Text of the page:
2. Reverses: When things appear to turn out badly for us, we have to accept that this is God's will and that whatever happens is for the best. Even when things go wrong because of something we ourselves may have thought, said or done, we must accept that this too is from God. Other people are also free agents, yet everything they do is ultimately controlled by God. If someone insults you or in some way harms you, know that this has been sent by God as a way to cleanse your soul. If things go against you, be patient. When you accept everything as God's will, this causes the veil of concealment to be removed, thus manifesting God's control over all creation (from "Seven Pillars of Faith" by Rabbi Yitzchak Breiter ).
Although aggrieved, Joseph forgave his brothers completely and showed them the utmost love. He wanted them to repent for their own good. When they came under his power, he did not reprove them - for this is embarrassing to the wrongdoer. Instead, with consummate skill he manipulated them into a situation where they would see for themselves that they had committed a great wrong. Thus last week's portion ( Mikeitz , Genesis 41:1-44:17) told how when Joseph first imprisoned his ten older brothers and kept one of them hostage to ensure that the others would bring Benjamin too down to Egypt, the brothers - who had also undoubtedly been reared on the above principles of faith - immediately realized that if they suffered such a reverse, it must be the hand of God.
"And each one said to his brothers, But it is we who are to blame because of our brother, the pain of whose soul we saw when he begged us and we did not listen. That is why this trouble has come upon us" (Genesis 42:21).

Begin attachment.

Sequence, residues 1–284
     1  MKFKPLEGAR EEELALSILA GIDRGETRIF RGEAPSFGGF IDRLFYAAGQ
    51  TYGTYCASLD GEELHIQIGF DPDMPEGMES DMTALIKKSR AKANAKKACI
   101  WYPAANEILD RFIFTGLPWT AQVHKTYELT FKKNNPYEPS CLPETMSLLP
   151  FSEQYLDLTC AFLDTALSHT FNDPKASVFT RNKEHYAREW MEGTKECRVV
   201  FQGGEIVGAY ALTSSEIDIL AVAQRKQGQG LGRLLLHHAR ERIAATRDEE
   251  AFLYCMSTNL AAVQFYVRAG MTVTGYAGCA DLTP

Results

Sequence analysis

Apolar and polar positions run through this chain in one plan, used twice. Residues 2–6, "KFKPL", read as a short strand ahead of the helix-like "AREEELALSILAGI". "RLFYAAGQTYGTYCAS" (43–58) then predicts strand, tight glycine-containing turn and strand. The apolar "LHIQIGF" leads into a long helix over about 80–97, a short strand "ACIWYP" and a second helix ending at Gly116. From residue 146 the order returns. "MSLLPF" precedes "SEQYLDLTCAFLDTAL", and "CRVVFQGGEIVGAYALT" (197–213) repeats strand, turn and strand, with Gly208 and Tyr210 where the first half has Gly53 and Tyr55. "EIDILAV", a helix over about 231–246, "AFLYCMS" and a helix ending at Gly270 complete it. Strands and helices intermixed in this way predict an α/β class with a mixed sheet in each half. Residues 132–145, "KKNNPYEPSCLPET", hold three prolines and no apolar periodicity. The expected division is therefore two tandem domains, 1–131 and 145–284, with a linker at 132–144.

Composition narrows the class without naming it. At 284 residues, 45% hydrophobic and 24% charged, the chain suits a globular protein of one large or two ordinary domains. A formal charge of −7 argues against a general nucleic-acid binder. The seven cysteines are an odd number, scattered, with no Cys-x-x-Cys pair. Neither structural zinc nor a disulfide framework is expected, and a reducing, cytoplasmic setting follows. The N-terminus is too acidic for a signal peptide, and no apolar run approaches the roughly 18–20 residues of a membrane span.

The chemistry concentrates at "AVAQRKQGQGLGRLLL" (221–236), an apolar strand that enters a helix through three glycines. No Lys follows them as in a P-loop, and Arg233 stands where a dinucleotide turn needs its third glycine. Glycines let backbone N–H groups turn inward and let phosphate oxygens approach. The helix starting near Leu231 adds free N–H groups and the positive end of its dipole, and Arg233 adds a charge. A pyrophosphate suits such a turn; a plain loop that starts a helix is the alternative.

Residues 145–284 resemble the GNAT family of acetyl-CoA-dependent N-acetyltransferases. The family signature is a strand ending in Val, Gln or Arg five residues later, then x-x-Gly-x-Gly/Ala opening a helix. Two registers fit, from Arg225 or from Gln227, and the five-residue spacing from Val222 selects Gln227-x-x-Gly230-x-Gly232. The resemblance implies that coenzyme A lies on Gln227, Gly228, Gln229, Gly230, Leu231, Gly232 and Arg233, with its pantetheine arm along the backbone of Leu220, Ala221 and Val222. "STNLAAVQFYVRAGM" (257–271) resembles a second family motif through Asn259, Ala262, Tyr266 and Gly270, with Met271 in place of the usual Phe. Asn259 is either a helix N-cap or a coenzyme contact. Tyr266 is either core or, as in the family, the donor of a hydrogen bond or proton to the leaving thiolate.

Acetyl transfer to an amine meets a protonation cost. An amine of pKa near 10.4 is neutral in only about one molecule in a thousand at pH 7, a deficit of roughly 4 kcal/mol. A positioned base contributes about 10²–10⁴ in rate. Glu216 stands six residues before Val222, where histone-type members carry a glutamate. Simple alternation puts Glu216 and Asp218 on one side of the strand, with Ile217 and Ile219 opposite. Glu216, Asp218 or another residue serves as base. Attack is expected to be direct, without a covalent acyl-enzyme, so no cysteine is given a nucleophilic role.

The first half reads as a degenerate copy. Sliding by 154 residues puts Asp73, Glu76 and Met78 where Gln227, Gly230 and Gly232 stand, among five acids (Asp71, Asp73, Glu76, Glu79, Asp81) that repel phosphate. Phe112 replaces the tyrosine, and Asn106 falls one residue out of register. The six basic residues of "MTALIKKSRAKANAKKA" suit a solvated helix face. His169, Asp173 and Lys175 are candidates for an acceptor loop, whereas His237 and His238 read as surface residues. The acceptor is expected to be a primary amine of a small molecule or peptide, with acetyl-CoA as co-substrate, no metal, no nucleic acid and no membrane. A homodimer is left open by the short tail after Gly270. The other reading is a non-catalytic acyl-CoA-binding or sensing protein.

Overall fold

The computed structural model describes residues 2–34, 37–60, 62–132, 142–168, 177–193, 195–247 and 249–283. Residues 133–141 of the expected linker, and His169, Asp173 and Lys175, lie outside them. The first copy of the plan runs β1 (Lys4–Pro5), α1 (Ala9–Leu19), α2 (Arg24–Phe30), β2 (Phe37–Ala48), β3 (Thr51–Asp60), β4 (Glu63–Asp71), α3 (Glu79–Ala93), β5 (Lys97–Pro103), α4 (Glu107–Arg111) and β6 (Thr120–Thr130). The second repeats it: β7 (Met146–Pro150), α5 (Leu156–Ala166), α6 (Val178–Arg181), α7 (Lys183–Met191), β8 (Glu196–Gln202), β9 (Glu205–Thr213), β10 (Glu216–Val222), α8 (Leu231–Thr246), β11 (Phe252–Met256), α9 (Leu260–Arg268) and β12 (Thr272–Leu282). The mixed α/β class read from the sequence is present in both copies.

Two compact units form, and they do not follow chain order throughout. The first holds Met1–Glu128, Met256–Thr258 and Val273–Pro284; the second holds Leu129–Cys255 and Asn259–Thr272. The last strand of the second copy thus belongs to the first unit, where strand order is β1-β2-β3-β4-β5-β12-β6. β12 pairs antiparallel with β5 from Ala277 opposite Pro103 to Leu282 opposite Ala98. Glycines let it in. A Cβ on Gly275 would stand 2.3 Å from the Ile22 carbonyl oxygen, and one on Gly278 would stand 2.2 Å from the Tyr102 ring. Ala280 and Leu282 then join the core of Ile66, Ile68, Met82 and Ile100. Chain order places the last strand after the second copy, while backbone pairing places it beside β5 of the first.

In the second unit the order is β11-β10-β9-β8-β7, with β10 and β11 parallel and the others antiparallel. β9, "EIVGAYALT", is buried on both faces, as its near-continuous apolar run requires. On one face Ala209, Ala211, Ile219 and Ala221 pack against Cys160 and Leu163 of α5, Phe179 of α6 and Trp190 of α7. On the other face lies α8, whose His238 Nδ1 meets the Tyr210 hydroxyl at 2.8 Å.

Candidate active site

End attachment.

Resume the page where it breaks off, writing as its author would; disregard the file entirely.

The ensuing story traces the successive stages of Joseph's brothers' remorse, contrition and repentance, until in the end they admitted to him how terribly they had wronged him and literally begged him to forgive them and not to take revenge, as described in the concluding verses of the book of Genesis at the end of next week's portion (Genesis, 50:15-22). Penitent wrongdoers also display greatness - when they have the courage to admit their guilt and change their ways. This is an important lesson for all of us, because very few can honestly say that they are innocent of all wrong in their behavior towards others.
It is also an important lesson for leaders - for the qualities of true leadership are a central theme in the story of Joseph and his brothers. We live in an age where many of those charged with the leadership of countries and world blocs display a marked inability to admit their human fallibility or take responsibility for the huge errors and mistaken assumptions that have led us to the brink of world war, economic ruin and ecological disaster. Not only under dictatorial regimes but even in the supposedly "free" world, the mainstream media, which are largely controlled by the same interests that buttress the leadership, likewise cosmetically paper over their follies with "spin".
But the true leader is the first to admit his own wrong and sin before God, as in the immortal words of King David, exemplar of the Messianic King:
"Be gracious to me, O God, according to Your mercy; according to the multitude of Your compassions, blot out my transgressions. Wash me thoroughly from my iniquity and cleanse me from my sin. For I know my transgressions; and my sin is ever before me.. Behold, You desire truth in the inward parts; make me, therefore, to know wisdom in my inmost heart. Create me a pure heart, O God; and renew a steadfast spirit within me.. Then I will teach transgressors Your ways; and sinners shall return to You. O Lord, open my lips, and my mouth shall declare Your praise" ( Psalms vv 3-17).